Woman, 24, who developed severe acne due to the synthetic hormone in contraceptive pill reveals her skin was so bad her dermatologist ‘grimaced’ when she took off her face mask
- Kyrie Green, 24, from Leicestershire, developed severe acne over lockdown
- Doctors said the synthetic hormone in the contraceptive pill caused breakout
- She now thinks it’s important to educate girls on the side effects of taking the pill
A young woman who developed severe acne due to the synthetic hormone in the birth control pill has said it is important to educate girls, aged 15 and 16, on the side effects of the pill before taking it.
Kyrie Green, 24, from Leicestershire, first started developing acne in October 2019 when she switched to a new contraceptive pill, but it got even worse over lockdown.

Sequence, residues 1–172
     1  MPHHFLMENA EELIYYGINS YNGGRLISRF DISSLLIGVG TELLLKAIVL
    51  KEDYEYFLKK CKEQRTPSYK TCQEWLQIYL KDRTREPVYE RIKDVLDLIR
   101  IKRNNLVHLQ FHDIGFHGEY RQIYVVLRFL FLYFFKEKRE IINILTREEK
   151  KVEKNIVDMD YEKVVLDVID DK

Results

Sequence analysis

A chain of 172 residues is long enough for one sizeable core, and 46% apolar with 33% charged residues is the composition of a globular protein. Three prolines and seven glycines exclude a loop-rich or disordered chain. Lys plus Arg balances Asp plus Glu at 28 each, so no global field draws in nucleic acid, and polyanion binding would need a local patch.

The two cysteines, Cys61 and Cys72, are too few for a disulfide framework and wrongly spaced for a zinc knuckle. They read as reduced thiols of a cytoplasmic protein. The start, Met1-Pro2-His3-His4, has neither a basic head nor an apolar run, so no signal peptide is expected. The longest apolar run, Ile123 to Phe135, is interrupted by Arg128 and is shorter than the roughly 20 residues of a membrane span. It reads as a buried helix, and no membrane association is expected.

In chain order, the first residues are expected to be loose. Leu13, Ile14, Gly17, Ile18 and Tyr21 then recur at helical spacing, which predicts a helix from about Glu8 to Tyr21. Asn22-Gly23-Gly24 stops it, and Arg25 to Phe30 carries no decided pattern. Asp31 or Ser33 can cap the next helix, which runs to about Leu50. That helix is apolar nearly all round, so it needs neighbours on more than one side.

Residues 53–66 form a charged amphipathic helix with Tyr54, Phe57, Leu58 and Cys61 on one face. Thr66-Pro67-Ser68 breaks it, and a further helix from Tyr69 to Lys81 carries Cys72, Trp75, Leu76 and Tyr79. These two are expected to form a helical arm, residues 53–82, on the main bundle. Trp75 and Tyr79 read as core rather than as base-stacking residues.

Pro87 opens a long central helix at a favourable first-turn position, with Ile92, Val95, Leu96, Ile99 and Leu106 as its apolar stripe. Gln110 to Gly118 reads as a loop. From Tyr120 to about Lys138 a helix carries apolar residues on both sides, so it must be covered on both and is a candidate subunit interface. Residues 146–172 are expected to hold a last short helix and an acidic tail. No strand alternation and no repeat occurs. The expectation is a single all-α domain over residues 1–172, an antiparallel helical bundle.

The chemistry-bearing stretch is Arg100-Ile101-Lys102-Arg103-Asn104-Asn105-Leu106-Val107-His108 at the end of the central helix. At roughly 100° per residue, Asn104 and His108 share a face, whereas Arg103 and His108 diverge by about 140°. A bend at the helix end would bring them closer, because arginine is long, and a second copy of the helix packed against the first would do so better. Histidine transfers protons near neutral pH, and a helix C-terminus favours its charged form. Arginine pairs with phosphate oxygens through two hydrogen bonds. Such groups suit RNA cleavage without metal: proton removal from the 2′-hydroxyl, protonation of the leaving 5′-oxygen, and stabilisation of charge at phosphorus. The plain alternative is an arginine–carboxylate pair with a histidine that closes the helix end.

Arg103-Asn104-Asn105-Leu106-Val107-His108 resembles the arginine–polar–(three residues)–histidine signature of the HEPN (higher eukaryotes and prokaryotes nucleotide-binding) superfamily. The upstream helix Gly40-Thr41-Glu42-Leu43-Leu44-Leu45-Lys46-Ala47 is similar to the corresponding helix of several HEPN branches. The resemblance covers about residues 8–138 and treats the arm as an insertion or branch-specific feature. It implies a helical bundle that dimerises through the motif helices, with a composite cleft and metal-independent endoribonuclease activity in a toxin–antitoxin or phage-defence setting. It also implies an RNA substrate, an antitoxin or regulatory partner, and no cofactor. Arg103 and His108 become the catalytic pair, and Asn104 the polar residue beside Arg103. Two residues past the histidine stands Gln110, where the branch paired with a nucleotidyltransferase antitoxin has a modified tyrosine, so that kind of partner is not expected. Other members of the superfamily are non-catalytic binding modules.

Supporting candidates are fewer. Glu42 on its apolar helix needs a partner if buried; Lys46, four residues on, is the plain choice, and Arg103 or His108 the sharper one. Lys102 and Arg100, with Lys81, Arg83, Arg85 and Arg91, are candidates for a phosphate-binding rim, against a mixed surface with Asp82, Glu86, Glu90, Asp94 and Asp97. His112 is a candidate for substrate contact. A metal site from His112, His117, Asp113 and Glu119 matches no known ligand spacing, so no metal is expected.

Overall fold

In an effort to calm her symptoms, Kyrie stopped taking the pill but the damage was done and she had to turned to her GP who immediately referred her to a dermatologist.
Kyrie Green, 24, first developed severe acne in October 2019 when she switched to a new contraceptive pill but it got even worse over lockdown. (pictured, before, in July 2019)
She revealed that the skin expert was so shocked by the severity of Kyrie’s skin problems that she ‘grimaced’ when she took off her face mask.
Kyrie, who works as an account executive, said: ‘I thought my acne would subside, but I was very wrong. Over the next few months, the acne got more severe and more painful.
‘When I sent the images in [to the GP], she called me very soon after and said it was clearly serious and I was immediately referred to a dermatologist.